How I Remember Nora Ephron

 

The last time I saw her was at a small dinner party at a mutual friend's apartment on the Upper East Side. It was funny and fun, the six of us catching up. Those are the nights -- you just don't want them to end. She always had an opinion. A love of the precisely observed moment. She got such a big kick out of people who could turn a phrase. To walk away with something quotable from a night, she just loved it. Her love of words was so ferocious. I love that she was writing a pilot in the hospital. My God! To just keep on saying what you feel. To express her experience in the pithiest, quickest, smartest possible way so as to share. It was her life's joy.

I remember When Harry Met Sally … was so tight, funny and rhythmic, all you needed to do was play the music as written. Billy and I just played the instruments. Her directing and screenwriting career was such a natural step out of her observational essays. When you write essays, you control the entire experience, every bit of punctuation. I think it made her a precision operator on a movie set, too. It matters if you take a pause or say "the" and not "a." On one movie, she went on a campaign against the color Yankee blue. She earned that perfection, and it was her pleasure to earn it. You'd go, "God, if I just wrote down all the directions she's whispering in my ear, you could submit them to The New Yorker." Not line readings; she would just sort of explain the sense of something. Sometimes it was nonverbal: a little less, a little more, faster, funnier, maybe emphasize this. It got easier and easier, a shorthand. Always precise, funny, smart.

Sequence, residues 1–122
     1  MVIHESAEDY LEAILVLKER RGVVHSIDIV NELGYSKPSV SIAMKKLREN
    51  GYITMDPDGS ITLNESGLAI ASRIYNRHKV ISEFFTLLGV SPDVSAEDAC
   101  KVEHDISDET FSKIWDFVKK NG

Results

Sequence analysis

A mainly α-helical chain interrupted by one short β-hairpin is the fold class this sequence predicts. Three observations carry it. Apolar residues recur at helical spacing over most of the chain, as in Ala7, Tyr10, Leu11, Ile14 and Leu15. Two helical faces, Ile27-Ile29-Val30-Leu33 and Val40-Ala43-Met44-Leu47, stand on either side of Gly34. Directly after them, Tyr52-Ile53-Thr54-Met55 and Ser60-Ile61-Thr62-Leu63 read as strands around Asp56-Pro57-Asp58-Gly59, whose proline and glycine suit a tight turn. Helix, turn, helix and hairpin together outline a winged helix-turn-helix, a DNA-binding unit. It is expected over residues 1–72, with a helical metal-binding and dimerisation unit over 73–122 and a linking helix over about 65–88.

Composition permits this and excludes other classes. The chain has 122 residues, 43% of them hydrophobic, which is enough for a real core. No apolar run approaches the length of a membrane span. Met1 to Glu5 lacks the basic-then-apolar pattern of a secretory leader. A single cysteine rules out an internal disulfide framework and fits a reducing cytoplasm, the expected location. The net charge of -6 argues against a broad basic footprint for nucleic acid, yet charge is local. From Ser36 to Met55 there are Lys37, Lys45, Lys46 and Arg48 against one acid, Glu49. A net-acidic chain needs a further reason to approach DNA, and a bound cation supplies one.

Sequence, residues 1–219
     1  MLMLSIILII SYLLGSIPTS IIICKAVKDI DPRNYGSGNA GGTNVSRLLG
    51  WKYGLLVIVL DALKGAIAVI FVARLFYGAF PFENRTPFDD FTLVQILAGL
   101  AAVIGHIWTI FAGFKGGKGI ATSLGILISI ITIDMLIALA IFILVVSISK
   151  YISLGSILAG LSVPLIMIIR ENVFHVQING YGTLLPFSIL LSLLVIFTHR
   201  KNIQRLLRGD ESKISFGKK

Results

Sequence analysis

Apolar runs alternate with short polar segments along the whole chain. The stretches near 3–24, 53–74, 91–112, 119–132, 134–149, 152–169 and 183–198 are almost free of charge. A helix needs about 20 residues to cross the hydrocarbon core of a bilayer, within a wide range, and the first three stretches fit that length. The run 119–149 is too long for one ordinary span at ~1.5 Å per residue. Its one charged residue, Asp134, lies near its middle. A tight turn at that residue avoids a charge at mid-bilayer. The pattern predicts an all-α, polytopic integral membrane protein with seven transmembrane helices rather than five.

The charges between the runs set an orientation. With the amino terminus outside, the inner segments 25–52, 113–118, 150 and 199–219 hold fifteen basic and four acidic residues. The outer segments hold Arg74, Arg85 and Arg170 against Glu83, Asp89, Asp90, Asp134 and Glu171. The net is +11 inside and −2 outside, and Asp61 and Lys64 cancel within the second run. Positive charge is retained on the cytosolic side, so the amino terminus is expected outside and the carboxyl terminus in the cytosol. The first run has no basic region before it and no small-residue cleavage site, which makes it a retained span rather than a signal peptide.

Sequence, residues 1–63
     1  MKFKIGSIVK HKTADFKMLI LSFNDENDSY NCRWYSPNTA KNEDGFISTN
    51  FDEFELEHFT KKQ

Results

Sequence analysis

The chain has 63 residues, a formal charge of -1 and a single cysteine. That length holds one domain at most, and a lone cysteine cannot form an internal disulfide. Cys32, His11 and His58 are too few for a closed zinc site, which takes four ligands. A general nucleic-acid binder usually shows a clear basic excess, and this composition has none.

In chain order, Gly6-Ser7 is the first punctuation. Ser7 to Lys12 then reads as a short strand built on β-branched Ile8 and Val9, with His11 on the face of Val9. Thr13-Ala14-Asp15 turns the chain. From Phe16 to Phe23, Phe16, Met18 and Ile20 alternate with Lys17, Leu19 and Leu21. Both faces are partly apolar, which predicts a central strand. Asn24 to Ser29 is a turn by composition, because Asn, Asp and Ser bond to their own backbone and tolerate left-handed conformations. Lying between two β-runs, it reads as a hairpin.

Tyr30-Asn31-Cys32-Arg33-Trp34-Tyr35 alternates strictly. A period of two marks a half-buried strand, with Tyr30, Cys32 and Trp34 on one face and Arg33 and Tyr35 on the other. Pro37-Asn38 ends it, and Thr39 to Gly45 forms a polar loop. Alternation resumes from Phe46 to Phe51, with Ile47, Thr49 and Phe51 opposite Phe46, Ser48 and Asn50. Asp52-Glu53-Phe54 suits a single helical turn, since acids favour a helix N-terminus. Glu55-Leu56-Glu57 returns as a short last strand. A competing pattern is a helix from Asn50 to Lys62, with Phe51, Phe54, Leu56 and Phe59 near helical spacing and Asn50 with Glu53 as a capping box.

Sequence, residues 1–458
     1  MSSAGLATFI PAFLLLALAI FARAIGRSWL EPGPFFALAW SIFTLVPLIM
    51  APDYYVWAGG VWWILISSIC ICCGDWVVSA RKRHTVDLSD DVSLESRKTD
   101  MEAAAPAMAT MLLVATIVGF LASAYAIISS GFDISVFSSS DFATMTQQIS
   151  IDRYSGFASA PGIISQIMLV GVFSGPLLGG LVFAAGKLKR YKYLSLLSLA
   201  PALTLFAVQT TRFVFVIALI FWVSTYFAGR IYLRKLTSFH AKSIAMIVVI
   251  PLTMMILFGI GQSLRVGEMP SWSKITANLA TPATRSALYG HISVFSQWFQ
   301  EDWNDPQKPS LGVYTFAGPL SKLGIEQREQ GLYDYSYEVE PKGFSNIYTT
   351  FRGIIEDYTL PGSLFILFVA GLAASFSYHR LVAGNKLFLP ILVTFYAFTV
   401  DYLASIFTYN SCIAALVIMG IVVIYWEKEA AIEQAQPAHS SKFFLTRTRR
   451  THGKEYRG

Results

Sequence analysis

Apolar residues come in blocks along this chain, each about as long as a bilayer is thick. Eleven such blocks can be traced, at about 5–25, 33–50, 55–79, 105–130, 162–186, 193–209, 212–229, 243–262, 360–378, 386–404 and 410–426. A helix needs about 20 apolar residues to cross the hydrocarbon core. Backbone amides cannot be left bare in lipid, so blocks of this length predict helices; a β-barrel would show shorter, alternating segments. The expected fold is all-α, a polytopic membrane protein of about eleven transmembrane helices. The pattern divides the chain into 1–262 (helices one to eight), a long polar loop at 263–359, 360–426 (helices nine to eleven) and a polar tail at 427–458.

In the When Harry script they talk about the fact that women faked orgasms. And I thought, "Well, I'm just gonna do it." It sort of came together on the day, and it was so much fun to do. But the film captured the real essence of romantic comedy: that people in love share language, they share rhythm, even though they're so different. She and [director] Rob Reiner distilled what worked about those fantastic comedies of the '30s and '40s and modernized it, brought it back. She could distill things like longing, the dream that there is someone out there for you -- living his life, looking at the moon from another angle -- and someday you'll meet. Nora made that into a movie.

She had such a sweetness. There was all that laceyness about her, and unbelievable sweetness, and then she was such a powerhouse. Such a powerful thinker and such a strong person. She had both those things going on, and it made her so interesting. A real paradox. She did not shrink ever from confrontation or anything hard. And that business is rough, man! She was just toe-to-toe. She demanded that you be as articulate. You can't have unfocused feelings. It's more powerful when you can articulate your emotional life, not just whine or blubber. It's great for an actor when you can justify the emotional arc of a character in a logical way. It's good that she did a movie about food [Julie & Julia] because with her, everything is a metaphor, right? It's important to do everything just so in a recipe, and the same thing with how you layer in elements of a movie. The just-so-ness and the timing mattered to her. She loved the precision of it.

The part of Julie & Julia that I loved was the relationship of Meryl [Streep] and Stanley [Tucci], so loving and adult and fair-minded and sweet, all the things I imagine Nick [Pileggi] and Nora were together. I mean, that is a love story. And her screenwriting collaboration with her sister Delia is so dear and fine. Sisters who love each other as people and inspire each other as writers. It made my heart so full, you know?

Whenever you worked with her, it was the same as going to a party she hosted. People were relaxed; they were well fed. They were happy and intelligent and calm. You looked forward to sitting in director's chairs between takes, talking. It was fun. Easy. Simple. And not complicated. She said, "I'm a great believer in finding what you love and doing a lot of it."